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Django 1.2 E-Commerce [Paperback]

Jesse Legg
3.0 out of 5 stars  See all reviews (2 customer reviews)
Price: CDN$ 43.88 & FREE Shipping. Details
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Book Description

May 20 2010

Build powerful e-commerce applications using Django, a leading Python web framework

  • Build all the components for an e-commerce store, from product catalog to shopping cart to checkout processor
  • Build a high quality e-commerce site quickly and start making money
  • All the examples in the book will run smoothly for all the versions of Django 1.x
  • Follow a tutorial format to build many components from scratch while leveraging the open-source community to enhance functionality

In Detail

Django is a high-level Python web framework that was developed by a fast-moving online-news operation to meet the stringent twin challenges of newsroom deadlines and the needs of web developers. It provides an excellent basis to build e-commerce websites because it can be deployed fast and it responds quickly to changes due to its ability to handle content problems. Django with its proven strengths is all you need to build powerful e-commerce applications with a competitive edge.

This book explores how the Django web framework and its related technologies can power the next leap forward for e-commerce and business on the Web. It shows you how to build real-world applications using this rapid and powerful development tool.

The book will enable you to build a high quality e-commerce site quickly and start making money. It starts with the ambitious task of using Django to build a functional e-commerce store in less than 30 minutes, and then proceeds to enhance this design through the rest of the book. The book covers the basics of an e-commerce platform like product catalogs, shopping carts, and payment processing. By the end of the book, you will be able to enhance the application by adding a fully-functional search engine, generating PDF-based reports, adding interactivity to the user-interface, selling digital goods with micropayments, and managing deployment and maintenance tasks.

Explore Django and related web technologies to learn how they can power the next leap forward in e-commerce and business on the Web

What you will learn from this book

  • Leverage Django's strengths to build powerful applications quickly
  • Employ Django Models and Views to create a product catalog
  • Build a flexible categorization system to organize products
  • Create XML templates for selling products through the Google Checkout API
  • Employ advanced Django techniques like class-based and generic views, pluggable resources, and reusable applications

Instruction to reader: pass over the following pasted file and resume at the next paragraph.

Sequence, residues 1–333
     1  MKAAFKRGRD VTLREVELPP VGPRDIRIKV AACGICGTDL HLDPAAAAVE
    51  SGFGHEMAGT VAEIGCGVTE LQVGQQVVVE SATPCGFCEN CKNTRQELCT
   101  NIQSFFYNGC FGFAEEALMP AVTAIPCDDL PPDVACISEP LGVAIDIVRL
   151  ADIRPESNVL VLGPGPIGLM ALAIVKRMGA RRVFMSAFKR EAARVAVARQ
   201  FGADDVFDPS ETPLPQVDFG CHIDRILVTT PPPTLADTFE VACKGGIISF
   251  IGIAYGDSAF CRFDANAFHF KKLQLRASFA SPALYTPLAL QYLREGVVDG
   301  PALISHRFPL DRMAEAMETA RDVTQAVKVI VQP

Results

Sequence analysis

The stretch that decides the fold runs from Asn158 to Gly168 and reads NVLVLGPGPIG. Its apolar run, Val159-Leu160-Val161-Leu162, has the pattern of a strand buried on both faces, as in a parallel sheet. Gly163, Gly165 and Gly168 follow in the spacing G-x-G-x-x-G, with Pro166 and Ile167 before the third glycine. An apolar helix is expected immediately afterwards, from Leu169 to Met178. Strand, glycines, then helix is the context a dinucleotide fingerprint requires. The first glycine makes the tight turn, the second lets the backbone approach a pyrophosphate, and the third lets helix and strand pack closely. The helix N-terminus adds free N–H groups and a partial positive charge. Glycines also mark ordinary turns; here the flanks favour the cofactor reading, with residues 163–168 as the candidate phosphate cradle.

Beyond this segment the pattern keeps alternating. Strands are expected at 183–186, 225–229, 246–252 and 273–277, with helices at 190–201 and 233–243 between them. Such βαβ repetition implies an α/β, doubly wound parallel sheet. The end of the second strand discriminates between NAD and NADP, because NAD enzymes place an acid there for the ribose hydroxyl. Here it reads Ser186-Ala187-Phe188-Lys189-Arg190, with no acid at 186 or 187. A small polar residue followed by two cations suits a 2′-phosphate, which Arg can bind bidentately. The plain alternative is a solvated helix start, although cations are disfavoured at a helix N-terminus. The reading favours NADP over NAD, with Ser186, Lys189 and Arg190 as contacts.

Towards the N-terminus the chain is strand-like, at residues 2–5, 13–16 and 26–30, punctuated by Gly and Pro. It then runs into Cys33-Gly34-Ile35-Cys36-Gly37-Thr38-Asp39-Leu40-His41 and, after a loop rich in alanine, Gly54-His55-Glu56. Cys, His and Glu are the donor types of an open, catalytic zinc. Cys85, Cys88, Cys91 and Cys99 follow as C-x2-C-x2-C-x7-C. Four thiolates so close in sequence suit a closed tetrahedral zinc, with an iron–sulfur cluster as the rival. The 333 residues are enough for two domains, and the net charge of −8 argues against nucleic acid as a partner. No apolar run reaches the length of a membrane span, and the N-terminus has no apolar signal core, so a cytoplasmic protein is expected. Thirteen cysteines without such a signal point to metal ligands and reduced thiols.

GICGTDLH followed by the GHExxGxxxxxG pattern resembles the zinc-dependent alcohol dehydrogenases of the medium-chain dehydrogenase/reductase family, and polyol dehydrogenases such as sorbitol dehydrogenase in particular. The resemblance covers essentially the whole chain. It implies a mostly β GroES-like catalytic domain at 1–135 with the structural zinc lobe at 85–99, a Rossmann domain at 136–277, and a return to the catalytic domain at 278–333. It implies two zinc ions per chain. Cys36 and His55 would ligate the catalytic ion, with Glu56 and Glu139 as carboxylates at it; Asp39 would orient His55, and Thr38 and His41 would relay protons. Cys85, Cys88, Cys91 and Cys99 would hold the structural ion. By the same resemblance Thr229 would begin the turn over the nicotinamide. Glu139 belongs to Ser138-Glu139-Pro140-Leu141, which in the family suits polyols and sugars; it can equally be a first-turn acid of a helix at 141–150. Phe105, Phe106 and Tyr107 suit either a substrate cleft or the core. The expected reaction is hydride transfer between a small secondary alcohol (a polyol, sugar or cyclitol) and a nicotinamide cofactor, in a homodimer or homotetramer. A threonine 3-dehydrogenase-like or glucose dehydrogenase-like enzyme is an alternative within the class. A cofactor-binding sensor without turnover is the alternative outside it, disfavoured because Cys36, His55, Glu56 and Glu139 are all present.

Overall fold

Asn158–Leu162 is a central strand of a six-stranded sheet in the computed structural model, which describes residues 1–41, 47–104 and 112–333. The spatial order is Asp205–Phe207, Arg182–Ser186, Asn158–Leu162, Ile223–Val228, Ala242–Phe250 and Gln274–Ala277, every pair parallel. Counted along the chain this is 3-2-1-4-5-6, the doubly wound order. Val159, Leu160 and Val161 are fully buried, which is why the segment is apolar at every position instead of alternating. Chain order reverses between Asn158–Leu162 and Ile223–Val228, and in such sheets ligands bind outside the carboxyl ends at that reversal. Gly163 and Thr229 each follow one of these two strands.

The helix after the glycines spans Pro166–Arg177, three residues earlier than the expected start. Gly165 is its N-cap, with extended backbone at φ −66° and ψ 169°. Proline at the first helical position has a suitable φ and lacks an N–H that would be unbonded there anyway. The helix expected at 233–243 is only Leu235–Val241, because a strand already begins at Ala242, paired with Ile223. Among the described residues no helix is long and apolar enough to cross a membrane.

• Simplify the development process using community projects like django-registration and django-profiles
  • Create fully-featured search engines to index and categorize a product catalog
  • Create integrations with leading web services and technologies like JSON, Salesforce, Amazon Aggregated Payments, and jQuery
  • Explore advanced Django and Python design concepts like class-based generic views and pluggable backends
  • Enhance your e-commerce site's UI with Javascript-Django integration
  • Utilize Django's storage backend to support content storage on Amazon S3
  • Sell digital goods and media using Amazon's FPS micropayments service

Approach

Packed with code examples and configuration hints for related web technologies, the book helps you add a new feature to your store in each chapter. It also provides additional documentation and comments for popular web APIs.

Who this book is written for

If you are a Django developer and wish to build an e-commerce application, then this book is for you. You need to be familiar with the basics of developing in Django.


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Most helpful customer reviews
3.0 out of 5 stars Almost delivers June 23 2010
Format:Paperback
'Django 1.2 E-Commerce' starts with a very ambitious goal: design, develop and deploy a functionam ecommerce web site for the fictional CranStore.com company. Sounds great, doesn't it?

I started flipping through the usual introductory pages explaining what Django is and why use it for a project like this. It was all fairly brief which already led me to believe that knowledge of Django's inner works and basic setup and configuration was required to follow along.

Well, the instructions are not as streamlined as other programming books I've read and it could be fairly tricky to follow the examples and logic if you're not already familiar with how Django works. There are several typos in the example code as well, mostly due to missing spaces between the commands and arguments. Adding to the confusion is the style the author chose to deliver his explanation of specific code changes, displaying snippets of code that will leave the reader wondering what specific file is being discussed.

Now, if none of these things sound scary to you, you'll be happy to know that the project itself is fairly well designed and worth your time. It was also the first time I saw an example of integrating Django with Google Checkout to set up a 'shopping cart' mechanism, and by the time you're done with the second chapter, you will have a very basic but functional ecommerce web site.